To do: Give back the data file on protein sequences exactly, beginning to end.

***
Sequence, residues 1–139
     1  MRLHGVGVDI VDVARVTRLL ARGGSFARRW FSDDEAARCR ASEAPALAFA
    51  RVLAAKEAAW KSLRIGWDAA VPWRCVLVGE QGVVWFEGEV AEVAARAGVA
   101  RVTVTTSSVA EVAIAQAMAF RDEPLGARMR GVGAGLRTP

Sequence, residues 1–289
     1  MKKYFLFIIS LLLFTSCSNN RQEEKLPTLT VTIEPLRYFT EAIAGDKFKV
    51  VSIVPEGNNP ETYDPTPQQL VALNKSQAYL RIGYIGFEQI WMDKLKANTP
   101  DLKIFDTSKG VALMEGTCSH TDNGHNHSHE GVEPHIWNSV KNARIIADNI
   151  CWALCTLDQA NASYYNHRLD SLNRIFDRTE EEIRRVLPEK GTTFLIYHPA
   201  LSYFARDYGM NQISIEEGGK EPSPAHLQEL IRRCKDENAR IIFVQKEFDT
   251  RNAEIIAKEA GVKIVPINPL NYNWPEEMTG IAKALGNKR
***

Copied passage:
Sequence, residues 1–139
     1  MRLHGVGVDI VDVARVTRLL ARGGSFARRW FSDDEAARCR ASEAPALAFA
    51  RVLAAKEAAW KSLRIGWDAA VPWRCVLVGE QGVVWFEGEV AEVAARAGVA
   101  RVTVTTSSVA EVAIAQAMAF RDEPLGARMR GVGAGLRTP

Sequence, residues 1–289
     1  MKKYFLFIIS LLLFTSCSNN RQEEKLPTLT VTIEPLRYFT EAIAGDKFKV
    51  VSIVPEGNNP ETYDPTPQQL VALNKSQAYL RIGYIGFEQI WMDKLKANTP
   101  DLKIFDTSKG VALMEGTCSH TDNGHNHSHE GVEPHIWNSV KNARIIADNI
   151  CWALCTLDQA NASYYNHRLD SLNRIFDRTE EEIRRVLPEK GTTFLIYHPA
   201  LSYFARDYGM NQISIEEGGK EPSPAHLQEL IRRCKDENAR IIFVQKEFDT
   251  RNAEIIAKEA GVKIVPINPL NYNWPEEMTG IAKALGNKR